Finding the perfect boat for every type of water is not possible, but SOAR Inflatable Canoes are just about as close as you can come. I was turned onto SOAR boats by a good friend from Colorado with whom I paddled occasionally over the past decade, and he highly recommended the boat to me. After acquiring an S16 (16 foot) boat I began running rivers with Class III to IV+ whitewater with an ease and confidence that I did not always feel in my hard whitewater canoes.
SOARs are set up to allow custom outfitting to meet the individual demands of each trip. Grommets located every 5.5 inches provide lashing points for seats and gear without the need for adding D-rings or other attachment points. Gear and supplies for multi-day expeditions can be located and secured for optimum performance loading while allowing for comfortable seating and good boat control. And, SOARs never fail to attract the attention of other boaters, as well as those along the river banks, because of their uniqueness (especially when they see you loaded for a 14-day excursion in a wilderness area.) The photo below is how we were loaded on Utah's Green River in 2011.
My experience paddling the SOAR S12 Blaze (12 feet X 40 inches), S14 Canyon (14 feet X 40 inches) and S16 Explorer (16 feet X 40 inches) has been almost 100% positive (SOAR also offers the 16 feet X 48 inch Pro Pioneer and the 10 feet X 40 inch S10 Squirt, neither of which I have paddled.) In trips on rugged whitewater rivers like Idaho's Main Salmon, Utah's Green, Arkansas's Upper Buffalo and Mulberry, and Texas' Rio Grande and Devils the boat has been the perfect choice for weeklong trips carrying 300-400 pounds of gear and supplies through rough water with deep holes and huge standing waves. It has taken me over 10 foot waterfalls and across limestone river beds that would scrape the bottom off a hardshell canoe. On more mundane waters the boat has been easily adaptable, keeping up with plastic canoes and kayaks on group trips with ease while allowing enjoyment of such amenities as double high airbeds, propane stoves, large tents and coolers full of food and beverages that cannot be carried in kayaks, or even most hard canoes.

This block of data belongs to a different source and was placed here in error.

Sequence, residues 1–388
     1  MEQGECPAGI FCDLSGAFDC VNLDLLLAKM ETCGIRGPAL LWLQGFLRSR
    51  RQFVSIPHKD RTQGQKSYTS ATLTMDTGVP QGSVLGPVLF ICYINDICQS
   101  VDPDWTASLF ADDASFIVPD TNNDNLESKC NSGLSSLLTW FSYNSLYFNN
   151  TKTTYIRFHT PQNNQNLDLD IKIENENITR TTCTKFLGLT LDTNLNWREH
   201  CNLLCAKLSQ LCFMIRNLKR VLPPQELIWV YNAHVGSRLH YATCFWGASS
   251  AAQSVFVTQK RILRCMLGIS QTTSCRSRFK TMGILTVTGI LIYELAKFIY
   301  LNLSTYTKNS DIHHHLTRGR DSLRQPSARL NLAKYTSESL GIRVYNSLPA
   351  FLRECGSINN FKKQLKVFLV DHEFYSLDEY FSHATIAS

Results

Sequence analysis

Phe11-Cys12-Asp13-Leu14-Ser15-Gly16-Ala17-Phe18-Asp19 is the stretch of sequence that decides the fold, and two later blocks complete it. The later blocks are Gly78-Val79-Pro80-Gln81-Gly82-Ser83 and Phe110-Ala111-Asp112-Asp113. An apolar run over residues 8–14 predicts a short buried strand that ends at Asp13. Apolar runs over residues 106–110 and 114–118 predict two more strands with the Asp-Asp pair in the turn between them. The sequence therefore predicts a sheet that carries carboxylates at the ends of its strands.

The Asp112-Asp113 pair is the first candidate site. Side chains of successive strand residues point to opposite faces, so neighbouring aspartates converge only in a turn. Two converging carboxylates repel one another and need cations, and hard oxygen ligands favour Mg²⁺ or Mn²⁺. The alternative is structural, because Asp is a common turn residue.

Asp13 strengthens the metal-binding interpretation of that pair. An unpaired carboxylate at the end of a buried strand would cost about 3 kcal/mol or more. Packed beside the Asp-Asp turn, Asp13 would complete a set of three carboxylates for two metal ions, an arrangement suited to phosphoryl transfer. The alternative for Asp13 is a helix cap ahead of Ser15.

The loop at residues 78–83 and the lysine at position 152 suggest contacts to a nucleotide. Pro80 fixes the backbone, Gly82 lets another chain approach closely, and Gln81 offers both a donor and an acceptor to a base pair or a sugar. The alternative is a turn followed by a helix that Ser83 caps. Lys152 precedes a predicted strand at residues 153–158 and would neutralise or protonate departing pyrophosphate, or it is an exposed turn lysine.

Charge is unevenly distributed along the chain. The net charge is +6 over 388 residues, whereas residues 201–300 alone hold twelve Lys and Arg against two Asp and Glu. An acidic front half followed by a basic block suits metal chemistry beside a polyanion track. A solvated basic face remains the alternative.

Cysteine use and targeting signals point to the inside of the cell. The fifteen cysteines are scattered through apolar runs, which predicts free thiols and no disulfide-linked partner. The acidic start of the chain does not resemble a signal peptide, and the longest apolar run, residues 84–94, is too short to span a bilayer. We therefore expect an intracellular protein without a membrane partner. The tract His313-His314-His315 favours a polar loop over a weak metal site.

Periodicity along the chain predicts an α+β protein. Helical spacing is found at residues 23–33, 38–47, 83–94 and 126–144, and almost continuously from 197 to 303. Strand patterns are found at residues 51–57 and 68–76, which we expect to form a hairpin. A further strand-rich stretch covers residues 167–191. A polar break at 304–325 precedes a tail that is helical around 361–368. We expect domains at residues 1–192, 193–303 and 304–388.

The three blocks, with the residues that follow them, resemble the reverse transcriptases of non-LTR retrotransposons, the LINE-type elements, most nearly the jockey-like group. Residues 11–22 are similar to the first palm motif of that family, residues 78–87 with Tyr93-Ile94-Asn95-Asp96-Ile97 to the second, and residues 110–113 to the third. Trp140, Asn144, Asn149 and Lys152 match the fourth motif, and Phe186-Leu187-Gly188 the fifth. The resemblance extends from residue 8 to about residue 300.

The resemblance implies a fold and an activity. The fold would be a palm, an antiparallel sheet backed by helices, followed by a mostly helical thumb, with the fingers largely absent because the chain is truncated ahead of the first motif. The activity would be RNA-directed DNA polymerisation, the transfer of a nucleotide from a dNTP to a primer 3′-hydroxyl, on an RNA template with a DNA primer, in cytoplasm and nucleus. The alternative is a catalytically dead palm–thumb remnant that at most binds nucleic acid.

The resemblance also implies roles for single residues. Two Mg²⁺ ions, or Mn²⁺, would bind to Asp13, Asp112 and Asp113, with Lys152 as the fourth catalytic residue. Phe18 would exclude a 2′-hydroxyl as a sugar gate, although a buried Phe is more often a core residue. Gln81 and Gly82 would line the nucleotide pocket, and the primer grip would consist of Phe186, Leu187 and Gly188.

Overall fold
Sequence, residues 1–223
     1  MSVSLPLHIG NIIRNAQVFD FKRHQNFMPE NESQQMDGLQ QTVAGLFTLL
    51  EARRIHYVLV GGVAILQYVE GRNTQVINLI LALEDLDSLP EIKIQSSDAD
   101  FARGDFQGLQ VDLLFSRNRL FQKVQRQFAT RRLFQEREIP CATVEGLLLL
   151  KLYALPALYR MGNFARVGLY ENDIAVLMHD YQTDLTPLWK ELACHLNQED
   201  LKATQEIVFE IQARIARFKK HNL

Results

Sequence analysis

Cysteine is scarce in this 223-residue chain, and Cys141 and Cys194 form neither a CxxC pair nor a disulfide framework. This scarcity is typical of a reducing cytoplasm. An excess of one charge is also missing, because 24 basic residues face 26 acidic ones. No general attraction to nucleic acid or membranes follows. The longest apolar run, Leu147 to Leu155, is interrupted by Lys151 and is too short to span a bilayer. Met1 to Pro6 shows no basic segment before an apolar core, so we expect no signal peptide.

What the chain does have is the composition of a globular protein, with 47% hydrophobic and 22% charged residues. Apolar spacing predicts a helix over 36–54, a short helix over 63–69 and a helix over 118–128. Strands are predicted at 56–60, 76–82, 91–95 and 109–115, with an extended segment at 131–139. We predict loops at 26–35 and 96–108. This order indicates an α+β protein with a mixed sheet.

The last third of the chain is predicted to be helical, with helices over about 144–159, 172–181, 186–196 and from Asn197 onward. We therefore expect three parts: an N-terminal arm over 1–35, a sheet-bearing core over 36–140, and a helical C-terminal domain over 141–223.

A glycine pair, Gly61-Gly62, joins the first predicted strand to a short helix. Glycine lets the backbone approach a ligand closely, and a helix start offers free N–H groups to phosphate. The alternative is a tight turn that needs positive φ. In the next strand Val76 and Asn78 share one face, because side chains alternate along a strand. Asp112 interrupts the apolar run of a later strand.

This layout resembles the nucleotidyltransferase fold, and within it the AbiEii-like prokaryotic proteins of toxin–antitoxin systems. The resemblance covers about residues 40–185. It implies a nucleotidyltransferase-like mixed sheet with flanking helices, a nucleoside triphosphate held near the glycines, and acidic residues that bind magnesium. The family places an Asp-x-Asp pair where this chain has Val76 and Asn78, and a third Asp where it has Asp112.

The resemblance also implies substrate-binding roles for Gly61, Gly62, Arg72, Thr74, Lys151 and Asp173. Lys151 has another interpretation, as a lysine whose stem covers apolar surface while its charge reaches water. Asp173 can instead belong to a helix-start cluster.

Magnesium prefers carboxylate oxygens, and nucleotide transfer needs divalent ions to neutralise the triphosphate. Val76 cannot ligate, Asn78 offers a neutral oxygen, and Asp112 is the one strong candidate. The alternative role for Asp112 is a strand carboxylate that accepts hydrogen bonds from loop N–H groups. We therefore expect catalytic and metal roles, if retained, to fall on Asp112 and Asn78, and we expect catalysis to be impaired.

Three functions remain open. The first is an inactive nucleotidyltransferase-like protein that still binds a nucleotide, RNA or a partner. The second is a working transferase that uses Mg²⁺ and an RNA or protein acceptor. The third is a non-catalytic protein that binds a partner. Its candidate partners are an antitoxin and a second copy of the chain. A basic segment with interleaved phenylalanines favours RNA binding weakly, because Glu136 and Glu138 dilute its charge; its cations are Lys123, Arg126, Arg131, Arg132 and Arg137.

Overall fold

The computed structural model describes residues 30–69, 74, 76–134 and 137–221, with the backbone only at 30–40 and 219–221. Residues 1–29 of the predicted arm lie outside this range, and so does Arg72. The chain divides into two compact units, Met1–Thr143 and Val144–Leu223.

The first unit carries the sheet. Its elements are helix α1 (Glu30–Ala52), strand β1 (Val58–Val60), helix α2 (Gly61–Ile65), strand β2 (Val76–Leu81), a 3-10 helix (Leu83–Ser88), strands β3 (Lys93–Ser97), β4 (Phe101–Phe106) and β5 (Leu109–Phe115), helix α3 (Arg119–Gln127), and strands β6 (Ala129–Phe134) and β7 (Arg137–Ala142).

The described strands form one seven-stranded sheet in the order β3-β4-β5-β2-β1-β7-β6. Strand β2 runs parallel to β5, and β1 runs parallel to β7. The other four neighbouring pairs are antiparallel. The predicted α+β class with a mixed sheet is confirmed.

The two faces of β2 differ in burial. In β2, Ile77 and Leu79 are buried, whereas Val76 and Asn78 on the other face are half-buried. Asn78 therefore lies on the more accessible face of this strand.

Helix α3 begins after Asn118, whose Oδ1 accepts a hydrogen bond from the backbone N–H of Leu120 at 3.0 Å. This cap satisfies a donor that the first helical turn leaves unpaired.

I have been a proud SOAR owner since 2007, and every year it finds new ways to impress and thrill me. Its stability in turbulent whitewater is astonishing, and its graceful ease on flatwater is almost like being on a paddle wheel boat except that the paddle is in your hands. I have front- and side-surfed hydraulics on rivers, raced through huge rapids and enjoyed the ability to roll up the boat and stick it in the trunk or the back seat whenever I want to paddle. At least a dozen of my friends have been impressed enough to buy SOARs of their own, and I have talked with several people while on rivers who stated their intentions to buy them, as well. And, if you really want to know what most SOAR owners feel about their boats, then try finding a used one for sale. One of the things I like most about my SOAR is that it opened up some rivers that I just could not negotiate in my whitewater canoes and it will extend my paddling life on all types of rivers beyond the time when getting in and out of a whitewater boat is more pain and trouble than it is worth.
If I had to nominate one boat to be the best overall for somebody wanting just one boat, then the SOAR would be my first choice.